The Consultation Paper – Review of Corporate Governance Code and Related Listing Rules – is available on the HKEX website: www.hkex.com.hk. The Consultation ends 18 June 2021.

The Guidance Note Relating to Independent Non-Executive Directors: Selective Roles, Responsibilities and Liabilities, published in January 2021
by The Hong Kong Institute of Chartered Secretaries (the Institute), is available on the Institute’s website: www.hkics.org.


SIDEBAR: Other consultation proposals

In addition to the proposals relating to board independence reviewed in this article, the latest HKEX consultation makes a broad range of proposals designed to enhance the Corporate Governance Code (the Code) and Listing Rules. These include proposals to: 

Corporate culture   

  • create new Code Provisions (CPs) – subject to comply-or-explain – to require issuers to align the company’s culture with its purpose, values and strategy, and 
  • require issuers to have anti-corruption and whistleblowing policies


  • create new Mandatory Disclosure Requirements (MDRs) to make it clear that a single gender board is not considered a diverse board (see ‘Note’ below)
  • introduce mandatory numerical targets and timelines for achieving gender diversity at both board level and across the workforce, and  
  • create a new CP requiring boards to review the progress of their diversity policies annually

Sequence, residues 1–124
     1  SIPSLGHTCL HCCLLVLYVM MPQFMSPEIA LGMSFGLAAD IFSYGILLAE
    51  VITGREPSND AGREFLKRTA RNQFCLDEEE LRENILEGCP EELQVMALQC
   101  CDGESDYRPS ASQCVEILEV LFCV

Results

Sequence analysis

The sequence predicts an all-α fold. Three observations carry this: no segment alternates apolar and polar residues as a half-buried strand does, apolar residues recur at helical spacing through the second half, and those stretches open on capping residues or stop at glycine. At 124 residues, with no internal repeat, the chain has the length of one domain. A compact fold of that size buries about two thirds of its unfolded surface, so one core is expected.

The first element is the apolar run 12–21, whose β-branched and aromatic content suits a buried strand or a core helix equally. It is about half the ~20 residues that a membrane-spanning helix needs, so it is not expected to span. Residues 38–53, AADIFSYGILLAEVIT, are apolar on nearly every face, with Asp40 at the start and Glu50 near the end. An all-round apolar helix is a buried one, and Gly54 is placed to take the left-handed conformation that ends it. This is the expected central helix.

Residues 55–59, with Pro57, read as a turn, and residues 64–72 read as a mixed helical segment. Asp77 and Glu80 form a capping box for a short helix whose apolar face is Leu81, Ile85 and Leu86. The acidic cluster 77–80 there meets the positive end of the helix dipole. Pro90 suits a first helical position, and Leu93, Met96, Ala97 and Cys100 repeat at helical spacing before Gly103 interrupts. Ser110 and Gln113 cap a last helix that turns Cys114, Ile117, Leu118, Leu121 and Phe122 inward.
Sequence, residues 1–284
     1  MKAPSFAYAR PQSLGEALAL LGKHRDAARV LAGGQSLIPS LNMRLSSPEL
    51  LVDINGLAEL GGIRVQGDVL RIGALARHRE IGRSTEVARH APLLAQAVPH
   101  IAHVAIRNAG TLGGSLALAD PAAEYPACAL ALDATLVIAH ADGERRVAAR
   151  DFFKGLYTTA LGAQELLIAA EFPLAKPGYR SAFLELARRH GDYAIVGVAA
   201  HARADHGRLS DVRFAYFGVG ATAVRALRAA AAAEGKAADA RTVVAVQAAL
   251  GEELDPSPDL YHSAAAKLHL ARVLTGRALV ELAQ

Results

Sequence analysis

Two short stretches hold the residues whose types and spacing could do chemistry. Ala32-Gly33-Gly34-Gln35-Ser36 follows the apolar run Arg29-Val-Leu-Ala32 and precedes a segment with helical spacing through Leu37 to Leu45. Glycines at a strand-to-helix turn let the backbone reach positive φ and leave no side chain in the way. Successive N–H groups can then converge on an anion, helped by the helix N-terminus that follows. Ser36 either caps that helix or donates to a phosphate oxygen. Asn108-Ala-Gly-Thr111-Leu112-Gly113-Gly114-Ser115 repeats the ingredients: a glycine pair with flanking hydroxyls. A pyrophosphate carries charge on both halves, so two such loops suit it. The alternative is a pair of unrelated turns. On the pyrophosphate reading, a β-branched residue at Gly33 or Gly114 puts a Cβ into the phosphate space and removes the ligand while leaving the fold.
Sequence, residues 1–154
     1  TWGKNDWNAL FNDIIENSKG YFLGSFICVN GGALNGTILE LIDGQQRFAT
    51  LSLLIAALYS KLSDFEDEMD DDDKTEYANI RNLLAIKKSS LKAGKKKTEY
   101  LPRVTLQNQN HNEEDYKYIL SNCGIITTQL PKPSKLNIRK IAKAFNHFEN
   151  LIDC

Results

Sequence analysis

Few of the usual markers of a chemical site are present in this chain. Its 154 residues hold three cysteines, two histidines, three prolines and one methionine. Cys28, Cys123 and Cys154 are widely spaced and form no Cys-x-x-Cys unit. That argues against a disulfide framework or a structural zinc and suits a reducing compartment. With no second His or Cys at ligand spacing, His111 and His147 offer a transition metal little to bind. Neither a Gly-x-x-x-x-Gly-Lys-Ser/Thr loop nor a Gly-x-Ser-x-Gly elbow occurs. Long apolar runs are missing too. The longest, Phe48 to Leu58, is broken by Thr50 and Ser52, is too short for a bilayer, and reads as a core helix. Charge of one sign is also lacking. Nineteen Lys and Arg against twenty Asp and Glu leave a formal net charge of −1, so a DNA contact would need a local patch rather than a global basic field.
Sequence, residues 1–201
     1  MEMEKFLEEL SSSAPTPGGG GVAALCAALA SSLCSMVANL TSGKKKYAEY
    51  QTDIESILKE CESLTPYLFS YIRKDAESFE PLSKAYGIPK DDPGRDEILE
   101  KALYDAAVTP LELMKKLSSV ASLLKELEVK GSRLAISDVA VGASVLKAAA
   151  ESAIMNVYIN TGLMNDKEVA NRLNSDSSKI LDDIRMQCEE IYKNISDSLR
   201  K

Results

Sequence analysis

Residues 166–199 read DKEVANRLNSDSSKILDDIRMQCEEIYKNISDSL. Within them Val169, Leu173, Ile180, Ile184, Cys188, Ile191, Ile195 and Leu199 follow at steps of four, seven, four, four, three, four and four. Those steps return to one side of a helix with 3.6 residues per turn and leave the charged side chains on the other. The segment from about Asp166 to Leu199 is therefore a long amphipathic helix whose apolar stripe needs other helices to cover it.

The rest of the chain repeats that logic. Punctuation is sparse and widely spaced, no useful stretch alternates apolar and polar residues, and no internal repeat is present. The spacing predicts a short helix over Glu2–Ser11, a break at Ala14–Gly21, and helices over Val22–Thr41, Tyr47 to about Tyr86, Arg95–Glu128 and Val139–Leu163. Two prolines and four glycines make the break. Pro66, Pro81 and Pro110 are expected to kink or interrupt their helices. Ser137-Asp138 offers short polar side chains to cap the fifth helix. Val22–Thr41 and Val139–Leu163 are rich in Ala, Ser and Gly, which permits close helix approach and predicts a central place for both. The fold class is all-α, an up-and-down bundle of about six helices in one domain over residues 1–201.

Communication with shareholders 

  • make mandatory the disclosure of issuers’ shareholder communication policies and to review their effectiveness annually


  • set out the relationship between corporate governance and environmental, social and governance (ESG) in the introductory section of the Code
  • include ESG risks in the context of risk management under the Code
    (New Principle D.2, CP D.2.2 and CP D.2.3), and 
  • align publication timeframe of ESG reports with that of annual reports

Code structure

  • rename the Code as the Corporate Governance Code (currently its official name is Corporate Governance Code and Corporate Governance Report), and 
  • rearrange its structure to enhance its flow and readability, for example moving the MDRs previously set out in the Corporate Governance Report section upfront (see ‘Note’ below).

Note: Appendix 14 of the Listing Rules, currently has two parts: 

  1. the Corporate Governance Code, comprising 16 Principles, 78 Code Provisions and 10 Recommended Best Practices, and 
  2. the Corporate Governance Report, comprising 32 Mandatory Disclosure Requirements (MDRs) and six Recommended Disclosures (RDs) to be made in issuers’ corporate governance reports.